Catholic families, schools file lawsuit challenging Michigan’s extended COVID-19 restrictions

State extends restrictions for 12 days

LANSING, Mich. – Catholic families and schools in the Diocese of Lansing have filed a lawsuit in federal court on Monday challenging the order by the Michigan Department of Health and Human Services (MDHHS) to keep high schools closed for an additional 12 days.

The order -- a “three-week pause” effective beginning Nov. 18 -- was expected to expire on Dec. 8. However, state officials announced on Monday that the order will extend for 12 days -- through Dec. 20.

READ: Michigan extends COVID-19 restrictions for 12 days to gauge Thanksgiving impact

“Today’s order confirms our fear that MDHHS will continue to make decisions about closing schools, and in our specific case Catholic schools, without regard to the obvious and proven efficacy of our local COVID-19 school safety plans nor the uniqueness of our mission-based schools which are protected by the First Amendment to the Constitution – therefore we support our families and schools in challenging this decision in court,” said Tom Maloney, superintendent of schools for the Diocese of Lansing. “The fact is, our high schools’ COVID-19 safety plans, with their robust health and safety protocols, are working well at protecting both our school communities and the community at large, while also ensuring that our young people can receive the in-person education and formation that is so irreplaceable to their spiritual, intellectual, emotional, and social development.”

READ: Officials want hospitalizations and cases to drop before lifting extended Michigan COVID restrictions

Two high schools within the Diocese of Lansing -- Lansing Catholic High School and Father Gabriel Richard High School in Ann Arbor -- have joined the Michigan Association of Nonpublic Schools (MANS) in filing the suit with the Western District of Michigan against MDHHS Director Robert Gordon.

“All the evidence shows that during the three months we had in-person education at Lansing Catholic there were no COVID-19 outbreaks; no spread of COVID-19; and no hospitalizations of students or staff, thus adding no burden to our healthcare system,” said Dominic Iocco, president of Lansing Catholic High School. “Hence, we simply want to continue with our tried and tested COVID-19 safety plan to safely educate and form our students consistent with our constitutional religious liberties.”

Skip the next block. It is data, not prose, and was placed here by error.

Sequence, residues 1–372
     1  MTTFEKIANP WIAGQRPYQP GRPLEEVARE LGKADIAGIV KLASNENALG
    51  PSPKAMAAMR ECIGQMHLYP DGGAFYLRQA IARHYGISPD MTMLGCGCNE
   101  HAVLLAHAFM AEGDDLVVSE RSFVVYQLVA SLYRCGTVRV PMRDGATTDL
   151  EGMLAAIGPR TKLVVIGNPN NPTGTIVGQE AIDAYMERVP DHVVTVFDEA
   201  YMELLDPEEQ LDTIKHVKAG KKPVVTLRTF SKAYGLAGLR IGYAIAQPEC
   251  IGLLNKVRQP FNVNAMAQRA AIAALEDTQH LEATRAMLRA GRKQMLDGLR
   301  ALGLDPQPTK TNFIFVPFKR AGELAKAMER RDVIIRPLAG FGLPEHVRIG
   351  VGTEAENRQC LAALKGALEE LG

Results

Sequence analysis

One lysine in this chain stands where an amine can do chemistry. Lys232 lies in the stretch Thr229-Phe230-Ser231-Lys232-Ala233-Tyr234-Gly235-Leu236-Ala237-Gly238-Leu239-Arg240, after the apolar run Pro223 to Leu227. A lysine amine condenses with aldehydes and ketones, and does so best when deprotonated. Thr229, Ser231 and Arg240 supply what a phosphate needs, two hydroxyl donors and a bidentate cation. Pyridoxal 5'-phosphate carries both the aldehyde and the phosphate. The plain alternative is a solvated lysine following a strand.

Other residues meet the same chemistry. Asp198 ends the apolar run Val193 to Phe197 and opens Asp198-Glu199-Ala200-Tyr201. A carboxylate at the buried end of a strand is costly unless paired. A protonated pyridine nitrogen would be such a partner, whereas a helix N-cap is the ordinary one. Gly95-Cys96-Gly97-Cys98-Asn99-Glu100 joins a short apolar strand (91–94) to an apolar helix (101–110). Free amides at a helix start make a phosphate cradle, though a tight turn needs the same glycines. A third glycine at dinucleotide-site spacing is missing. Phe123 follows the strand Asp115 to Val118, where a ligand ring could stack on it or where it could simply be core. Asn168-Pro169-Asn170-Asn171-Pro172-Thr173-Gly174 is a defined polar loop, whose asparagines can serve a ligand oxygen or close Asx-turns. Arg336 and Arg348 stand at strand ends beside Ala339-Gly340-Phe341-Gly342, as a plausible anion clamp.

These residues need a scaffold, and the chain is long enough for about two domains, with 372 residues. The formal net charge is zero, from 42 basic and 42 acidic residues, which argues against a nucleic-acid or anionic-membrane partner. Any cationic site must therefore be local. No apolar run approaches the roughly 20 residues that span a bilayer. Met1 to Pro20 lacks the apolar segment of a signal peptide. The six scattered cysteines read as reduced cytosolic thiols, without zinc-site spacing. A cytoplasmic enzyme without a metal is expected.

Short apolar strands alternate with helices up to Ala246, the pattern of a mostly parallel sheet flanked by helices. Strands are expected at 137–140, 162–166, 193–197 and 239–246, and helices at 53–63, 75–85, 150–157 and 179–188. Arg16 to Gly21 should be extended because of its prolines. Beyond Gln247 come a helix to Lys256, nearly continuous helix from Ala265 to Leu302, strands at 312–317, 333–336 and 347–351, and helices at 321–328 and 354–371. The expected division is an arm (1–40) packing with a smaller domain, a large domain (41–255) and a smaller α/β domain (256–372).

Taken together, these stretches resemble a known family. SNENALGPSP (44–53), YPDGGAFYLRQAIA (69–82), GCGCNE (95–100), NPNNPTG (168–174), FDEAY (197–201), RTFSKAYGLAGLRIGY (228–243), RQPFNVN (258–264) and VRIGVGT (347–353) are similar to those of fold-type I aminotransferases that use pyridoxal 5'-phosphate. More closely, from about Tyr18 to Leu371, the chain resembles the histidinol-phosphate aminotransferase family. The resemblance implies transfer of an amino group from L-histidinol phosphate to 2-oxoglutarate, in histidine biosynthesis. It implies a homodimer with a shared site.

According to a press release, the lawsuit “claims that Gordon’s Dec. 7, 2020 order -- an order extending his closure order from last month -- closing religious high schools violates the First Amendment right to practice religion.” The lawsuit also calls for protection for all MANS-member schools to be able to legally reopen. The Michigan Association of Nonpublic Schools represents over 400 schools across the state.

READ: Tracking coronavirus cases, outbreaks in Michigan schools

“The Center for Disease Control and Prevention (CDC) and other national experts have indicated over and over that schools are safe places largely because they are closely regulated and supervised environments,” said John DeJak, president of Father Gabriel Richard High School. “The truth is that teachers and parents are becoming increasingly concerned by the damage that is being done to our children’s educational, emotional and mental wellbeing by not being in-person at school. And yet, to date, the state has still not explained why they have closed our high schools while allowing retail, fitness centers, tattoo parlors, hair salons, and other secular businesses to remain open.”

According to the release, Lansing Catholic High School, which has 437 students and 43 faculty members, reported 15 positive COVID-19 cases. Meanwhile, Father Gabriel Richard High School, which has 468 students and 47 faculty members, reported 27 cases. The cases are believed to have been contracted off campus.

The following will remain closed, per the state’s epidemic order:

  • High schools (in-person learning)
  • Theaters, movie theaters, stadiums, arenas
  • Colleges and universities (in-person learning)
  • Bowling centers, ice skating rinks, indoor water parks
  • Work, when it can be done from home
  • Bingo halls, casinos, arcades
  • Dine-in restaurants and bars (indoor dining)
  • Group fitness classes
  • Personal services (salon, spa) that involve mask removal*
  • Organized sports, except professional sports and certain NCAA sports (Big Ten football, for example)

Review the full epidemic order that was first issued Nov. 18 right here.

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About the Author:

DeJanay Booth joined WDIV as a web producer in July 2020. She previously worked as a news reporter in New Mexico before moving back to Michigan.